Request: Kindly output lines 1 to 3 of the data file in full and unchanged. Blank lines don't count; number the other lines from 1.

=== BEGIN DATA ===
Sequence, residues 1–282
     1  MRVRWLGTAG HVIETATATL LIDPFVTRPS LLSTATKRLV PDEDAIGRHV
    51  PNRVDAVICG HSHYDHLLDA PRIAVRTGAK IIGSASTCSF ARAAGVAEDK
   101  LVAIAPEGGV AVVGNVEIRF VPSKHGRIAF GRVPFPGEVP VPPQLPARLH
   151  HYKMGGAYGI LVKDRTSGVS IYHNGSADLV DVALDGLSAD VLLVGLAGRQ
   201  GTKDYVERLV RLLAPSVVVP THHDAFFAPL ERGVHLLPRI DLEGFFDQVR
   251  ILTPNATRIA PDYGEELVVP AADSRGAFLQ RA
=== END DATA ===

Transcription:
Sequence, residues 1–282
     1  MRVRWLGTAG HVIETATATL LIDPFVTRPS LLSTATKRLV PDEDAIGRHV
    51  PNRVDAVICG HSHYDHLLDA PRIAVRTGAK IIGSASTCSF ARAAGVAEDK